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Dugin’s America

Posted By Matt Parrott On October 11, 2012 @ 1:18 am In North American New Right | Comments Disabled

Liberators: Kultur Terror (1944) [1]

Liberators: Kultur Terror – Anti-American Nazi Propaganda Poster (1944)

1,252 words

Alexander Dugin is a popular, well-connected, and academically respected professor at Moscow State University. Unlike his North American and Western European counterparts, his ideas are not censored by Russia’s mainstream media, and he more or less enjoys the favor of Putin’s Russian government. While he’s indubitably the most prominent New Right thinker in Russia, his domestic influence and his ambitious efforts to build international partnerships and relationships have made him arguably the most prominent New Right thinker in the world. 

His recently written and translated book, The Fourth Political Theory [2] is a critical milestone in the global development of a New Right school of thought. In it, he strives to speak to a truly global audience, though his parochial biases and perspectives are a regular distraction from that goal. He strives to speak above and beyond modern liberal paradigms and values, but there’s a fair share of self-censorship, cleverness, and . . . Realpolitik . . . to wade through.

Fortunately, those who are intelligent and thoughtful enough to gain anything from this book will be intelligent and thoughtful enough to look past those distractions and at his invaluable insights, strategies, and perspectives. After all, the whole point of Benoist’s pluriversalism (universal pluralism) which he endorses is that the different regions and communities can retain and preserve their own unique narratives and perspectives. In the Russian psyche, “America” is something quite alien to what we Americans experience . . . just as our imaginary “Russia” is surely alien to actual Russians.

Foreigners, especially Russians, almost exclusively see our bad side. In many ways, Russians think more about America’s military and foreign policy than we do. Their exposure to “our” culture is almost exclusively from a handful of Jewish and cosmopolitan hubs which are nearly as alien and hostile to ordinary Americans as they are to Russians. When they visit, they’re more likely to visit those hubs. Just as 20th-century Americans perceived Russia as a villainous caricature of Jewish Bolshevism and belligerent Marxism, contemporary Russians perceive America as a villainous caricature of Jewish liberalism and cannibal capitalism.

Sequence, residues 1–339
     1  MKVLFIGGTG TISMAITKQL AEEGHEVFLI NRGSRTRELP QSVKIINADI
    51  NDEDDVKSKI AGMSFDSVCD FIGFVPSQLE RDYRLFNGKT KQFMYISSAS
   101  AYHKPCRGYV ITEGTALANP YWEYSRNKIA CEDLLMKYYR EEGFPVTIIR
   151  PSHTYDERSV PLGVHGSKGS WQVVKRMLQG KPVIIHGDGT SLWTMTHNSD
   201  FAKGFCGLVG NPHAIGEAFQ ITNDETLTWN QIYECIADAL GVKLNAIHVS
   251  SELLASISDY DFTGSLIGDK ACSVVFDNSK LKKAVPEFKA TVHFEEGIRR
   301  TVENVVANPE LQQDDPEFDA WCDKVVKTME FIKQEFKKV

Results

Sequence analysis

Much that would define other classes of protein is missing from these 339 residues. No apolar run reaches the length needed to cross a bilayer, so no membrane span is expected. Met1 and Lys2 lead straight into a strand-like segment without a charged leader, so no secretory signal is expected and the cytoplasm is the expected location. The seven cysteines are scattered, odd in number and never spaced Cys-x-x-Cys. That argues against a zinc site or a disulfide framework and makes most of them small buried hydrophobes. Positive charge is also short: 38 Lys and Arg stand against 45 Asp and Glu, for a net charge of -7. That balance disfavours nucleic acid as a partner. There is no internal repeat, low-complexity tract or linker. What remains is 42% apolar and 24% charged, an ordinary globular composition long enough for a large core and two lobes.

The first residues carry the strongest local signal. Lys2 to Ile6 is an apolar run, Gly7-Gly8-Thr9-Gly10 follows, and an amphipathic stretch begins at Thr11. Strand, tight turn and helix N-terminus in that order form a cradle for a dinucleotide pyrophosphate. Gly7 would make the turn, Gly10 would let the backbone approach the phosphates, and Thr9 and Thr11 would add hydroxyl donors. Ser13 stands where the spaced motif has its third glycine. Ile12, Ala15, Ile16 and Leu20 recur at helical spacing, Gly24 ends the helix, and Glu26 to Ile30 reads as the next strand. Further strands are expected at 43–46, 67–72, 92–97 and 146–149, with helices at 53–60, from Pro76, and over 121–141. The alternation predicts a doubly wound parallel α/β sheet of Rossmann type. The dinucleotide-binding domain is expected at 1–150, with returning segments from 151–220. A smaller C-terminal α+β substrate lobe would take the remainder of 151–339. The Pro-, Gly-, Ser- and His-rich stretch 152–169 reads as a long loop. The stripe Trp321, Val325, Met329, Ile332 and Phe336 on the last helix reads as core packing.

In one especially irritating example among many, he explains how American liberal Ayn Rand’s capitalist ideology of Objectivism is the Protestant work ethic taken to its logical extreme. For the record, Ayn Rand was born and raised in Russia, only traveling to America after completing her studies in the very post-secondary university system Dugin works for. The conflation of Rand’s Hegelian inversion of Marxist ideology with Protestant perspectives on predestination could only occur in the fevered imagination of a Russian anti-American polemicist.

Of course, we on the North American New Right  are so gauche as to note that she’s actually neither Russian nor American, but a Jewess (actual surname: Rosenbaum), with a secular Jewish identity, attitude, and spirit. If we were to define a clear distinction between a host nation and Jewish culture, we would find that our actual differences are but a filioque relative to the chasm between either of our nations and the Jewish nation.

Dugin’s political theory “rejects all forms and varieties of racism” as one of its “essential features.” This may be a translation issue, but he seems to define “racism” as supremacism, carrying on about the evils of class racism, progressive racism, economic racism, technological racism (Mac vs. PC?), and cultural racism. Fortunately, he declares that his political theory has a “positive attitude toward the ethnos,” which is perhaps a loophole through which biological definitions of ethnic identities could be smuggled.